Based on principle that cells slow speed of light passing through specimen

Result is difference of phase between the cell and its surroundings

Difference is amplified by a special ring in the objective lens of the microscope

Leads tdark image on light background

Dark-field

Light micrwhere light reaches specimen form the side only the specimen looks light

Better contrast than bright field and phase contrast microscopes

Fluorescence microscope

Uses electrons timage cells and cell structures

2 types

TEM transmission electron microscope

SEM scanning electron microscope

TEM

Uses electromagnets tact as lenses

Works as a vacuum and filled of cameras sthat a micrographs can be taken

Typically used texamine inside of a cell

Resolving power is greater than light micro

Must use thin section because of electron beams don’t penetrate very well resolving power – .2 nanometers?

SEM

Used tlook at external features

Surface image only

Coat specimen with thin film of heavy metal like gold

Electron beam then directed intthe specimen and scans back and forth across it

Electron moved by the metal are collected tproduced an image

Wide range of magnification 15x-100,000x

Parts of microscope

Specimen control

Stage where specimen rests

Clips used thold the specimen still

Micromanipulator device that allows you t move the specimen in controlled small increments along the x and y axis

Illuminating sheds light on the specimen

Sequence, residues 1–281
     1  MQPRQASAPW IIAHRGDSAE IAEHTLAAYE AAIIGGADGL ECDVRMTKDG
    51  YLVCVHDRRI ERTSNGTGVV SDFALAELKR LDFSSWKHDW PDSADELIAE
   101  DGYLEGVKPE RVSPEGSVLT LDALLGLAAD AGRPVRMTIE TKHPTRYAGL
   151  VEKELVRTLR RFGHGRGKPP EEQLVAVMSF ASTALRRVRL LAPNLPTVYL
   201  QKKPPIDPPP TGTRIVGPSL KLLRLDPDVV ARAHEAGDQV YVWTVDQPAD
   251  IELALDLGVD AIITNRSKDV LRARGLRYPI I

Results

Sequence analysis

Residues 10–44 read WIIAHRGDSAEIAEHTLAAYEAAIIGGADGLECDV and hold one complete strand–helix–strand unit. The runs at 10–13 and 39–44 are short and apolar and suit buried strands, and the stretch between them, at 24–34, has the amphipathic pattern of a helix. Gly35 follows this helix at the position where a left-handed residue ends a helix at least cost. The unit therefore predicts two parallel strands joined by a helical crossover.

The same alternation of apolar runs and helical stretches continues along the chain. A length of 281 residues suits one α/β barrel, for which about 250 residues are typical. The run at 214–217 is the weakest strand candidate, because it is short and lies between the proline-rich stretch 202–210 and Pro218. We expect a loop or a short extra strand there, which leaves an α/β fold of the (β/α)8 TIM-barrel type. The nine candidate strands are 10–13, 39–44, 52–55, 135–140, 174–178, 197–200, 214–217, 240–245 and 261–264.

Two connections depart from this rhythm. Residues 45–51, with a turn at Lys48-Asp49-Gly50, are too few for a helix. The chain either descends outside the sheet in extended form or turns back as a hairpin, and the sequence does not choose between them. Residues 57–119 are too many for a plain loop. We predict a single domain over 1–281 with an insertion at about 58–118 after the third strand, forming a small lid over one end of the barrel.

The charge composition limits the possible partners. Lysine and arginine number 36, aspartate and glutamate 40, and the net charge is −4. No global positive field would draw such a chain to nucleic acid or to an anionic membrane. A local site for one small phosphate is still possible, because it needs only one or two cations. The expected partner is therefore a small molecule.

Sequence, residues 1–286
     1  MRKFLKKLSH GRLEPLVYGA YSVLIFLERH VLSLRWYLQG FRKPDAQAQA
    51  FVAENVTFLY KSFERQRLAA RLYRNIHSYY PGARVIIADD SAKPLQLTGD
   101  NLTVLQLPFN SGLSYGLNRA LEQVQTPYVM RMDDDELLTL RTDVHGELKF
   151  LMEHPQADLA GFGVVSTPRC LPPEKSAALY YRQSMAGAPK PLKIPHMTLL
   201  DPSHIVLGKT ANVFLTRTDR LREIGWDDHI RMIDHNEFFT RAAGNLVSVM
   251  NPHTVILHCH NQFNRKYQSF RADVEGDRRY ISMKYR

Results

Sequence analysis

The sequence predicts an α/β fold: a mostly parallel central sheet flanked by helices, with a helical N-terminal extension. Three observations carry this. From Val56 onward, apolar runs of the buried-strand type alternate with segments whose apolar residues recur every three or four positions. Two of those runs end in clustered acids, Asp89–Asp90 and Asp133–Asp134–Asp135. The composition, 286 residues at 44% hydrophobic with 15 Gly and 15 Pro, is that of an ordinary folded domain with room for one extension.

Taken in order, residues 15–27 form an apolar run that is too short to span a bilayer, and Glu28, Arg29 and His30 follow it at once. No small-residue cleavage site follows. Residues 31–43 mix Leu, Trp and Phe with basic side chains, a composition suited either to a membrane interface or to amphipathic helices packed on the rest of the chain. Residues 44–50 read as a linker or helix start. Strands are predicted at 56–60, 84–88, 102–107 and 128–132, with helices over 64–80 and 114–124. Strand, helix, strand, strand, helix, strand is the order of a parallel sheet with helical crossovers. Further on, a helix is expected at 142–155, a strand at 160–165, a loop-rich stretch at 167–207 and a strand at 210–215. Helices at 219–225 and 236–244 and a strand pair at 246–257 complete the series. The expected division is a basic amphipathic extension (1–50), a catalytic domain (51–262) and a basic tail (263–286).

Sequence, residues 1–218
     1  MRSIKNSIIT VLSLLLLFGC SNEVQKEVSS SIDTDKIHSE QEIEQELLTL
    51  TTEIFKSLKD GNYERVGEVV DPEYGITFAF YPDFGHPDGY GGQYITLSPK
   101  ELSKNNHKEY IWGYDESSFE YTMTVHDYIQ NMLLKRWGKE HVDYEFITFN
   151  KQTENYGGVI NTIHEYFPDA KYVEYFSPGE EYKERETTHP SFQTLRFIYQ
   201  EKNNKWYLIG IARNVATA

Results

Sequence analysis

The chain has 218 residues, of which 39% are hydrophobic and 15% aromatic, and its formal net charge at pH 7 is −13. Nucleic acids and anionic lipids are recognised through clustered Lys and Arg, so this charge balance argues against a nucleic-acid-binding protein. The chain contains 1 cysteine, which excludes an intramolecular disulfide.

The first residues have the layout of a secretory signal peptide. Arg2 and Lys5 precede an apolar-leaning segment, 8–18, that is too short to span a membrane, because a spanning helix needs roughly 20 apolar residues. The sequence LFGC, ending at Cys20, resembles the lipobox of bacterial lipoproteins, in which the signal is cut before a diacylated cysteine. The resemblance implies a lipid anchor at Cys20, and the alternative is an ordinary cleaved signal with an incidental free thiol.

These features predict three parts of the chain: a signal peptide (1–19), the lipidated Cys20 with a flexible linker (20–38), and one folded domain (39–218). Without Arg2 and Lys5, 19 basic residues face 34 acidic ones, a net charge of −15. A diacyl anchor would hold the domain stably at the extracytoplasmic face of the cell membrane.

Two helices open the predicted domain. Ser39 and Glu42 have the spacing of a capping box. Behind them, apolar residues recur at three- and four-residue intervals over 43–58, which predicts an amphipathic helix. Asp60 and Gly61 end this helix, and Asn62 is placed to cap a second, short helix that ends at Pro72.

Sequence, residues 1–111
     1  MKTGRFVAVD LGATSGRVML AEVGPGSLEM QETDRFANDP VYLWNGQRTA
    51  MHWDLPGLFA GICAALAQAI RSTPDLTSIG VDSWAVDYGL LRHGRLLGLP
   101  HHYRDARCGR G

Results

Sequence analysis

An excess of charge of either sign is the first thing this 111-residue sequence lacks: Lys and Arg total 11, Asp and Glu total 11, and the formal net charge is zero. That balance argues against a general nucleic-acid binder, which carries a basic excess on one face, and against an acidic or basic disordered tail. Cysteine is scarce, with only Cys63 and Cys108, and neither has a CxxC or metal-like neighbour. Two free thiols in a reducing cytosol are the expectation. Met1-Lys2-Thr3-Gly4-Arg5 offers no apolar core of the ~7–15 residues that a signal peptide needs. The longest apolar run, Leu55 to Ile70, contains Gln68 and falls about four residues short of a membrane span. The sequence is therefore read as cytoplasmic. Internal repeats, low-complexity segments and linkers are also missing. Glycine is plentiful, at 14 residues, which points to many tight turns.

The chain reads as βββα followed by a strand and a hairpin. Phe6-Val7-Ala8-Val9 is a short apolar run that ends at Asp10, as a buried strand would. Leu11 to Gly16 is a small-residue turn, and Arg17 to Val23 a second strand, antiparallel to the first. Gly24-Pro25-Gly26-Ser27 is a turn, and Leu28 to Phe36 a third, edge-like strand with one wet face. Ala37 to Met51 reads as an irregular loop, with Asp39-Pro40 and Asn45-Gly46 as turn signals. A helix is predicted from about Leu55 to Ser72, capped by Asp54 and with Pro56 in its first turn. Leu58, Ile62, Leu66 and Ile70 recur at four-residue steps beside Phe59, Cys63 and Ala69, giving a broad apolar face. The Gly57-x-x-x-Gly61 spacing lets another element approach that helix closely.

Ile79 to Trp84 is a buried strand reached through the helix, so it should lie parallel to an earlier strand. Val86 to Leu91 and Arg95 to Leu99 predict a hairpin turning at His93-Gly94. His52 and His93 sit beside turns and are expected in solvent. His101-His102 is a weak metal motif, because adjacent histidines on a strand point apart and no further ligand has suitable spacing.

Lamp light source

Condenser lens that aligns and focuses form the lamp ontthe specimen

Diaphragm apertures alters the amount of light that reaches the condenser used tenhance contrast of lens

Lens

Objective lens gathers light from the specimen

Ocular transmits and magnifies image from the objective lens tyou eyes

Focus

Coarse focus know used tbring object the focal plane of the object lens

Fine focus know used tmake fine adjustments tfocus the image

Seed Germination

Seed dormancy

In seeds, development and activity may be suspended

Dormant seeds don’t divide, expand or differentiate

Seed dormancy must be broken for the embrytbegin developing

Germination

Beginning of growth

Growth in a seed calls it a seedling

Process where the seed begins tgrow

Seed Germination Dependency

Internal and external

Water

Temperature

Oxygen

Light

Start of Germination

Begins with water- called imbibitions

Seed takes up water, undergoes metabolic changes

Activates bichemical process resulting in protein synthesis

Oxygen = seed metabolism and energy production

Seeds that are waterlogged or buried todeeply in soil won’t get enough oxygen needed

Steps of Germination

Seed gets water, seed coat bursts

Chemical energy provides the energy needed for the embrytenlarge and push out of the seed coat

Tip of root comes out first and anchors plant and lets plan absorb minerals and water form soil

Plant Vocab

Cotyledon: embryonic leaf inside the seed

Monocotyledon: one of twmajor groups of plants has only 1 cotyledon ex onions corn lilies

Diacotyledon: other major group of plants, 2 cotyledons, beans, castor oil plant

Monocot Germination

Primary root pierces seed coat and grows downward

Primary leaf grows up and is protected by the coleptile, hallow cylindrical structure

When the seedling is above round the coleptile stops growing

Dicot Germination

As embrygrows seeds out shoot called a radical

Radical becomes primary root and grows

Hypocotyls then emerges and lifts grouping tip

With light, hypocotyls straightens and cotyledons spread apart texpose the primary leaves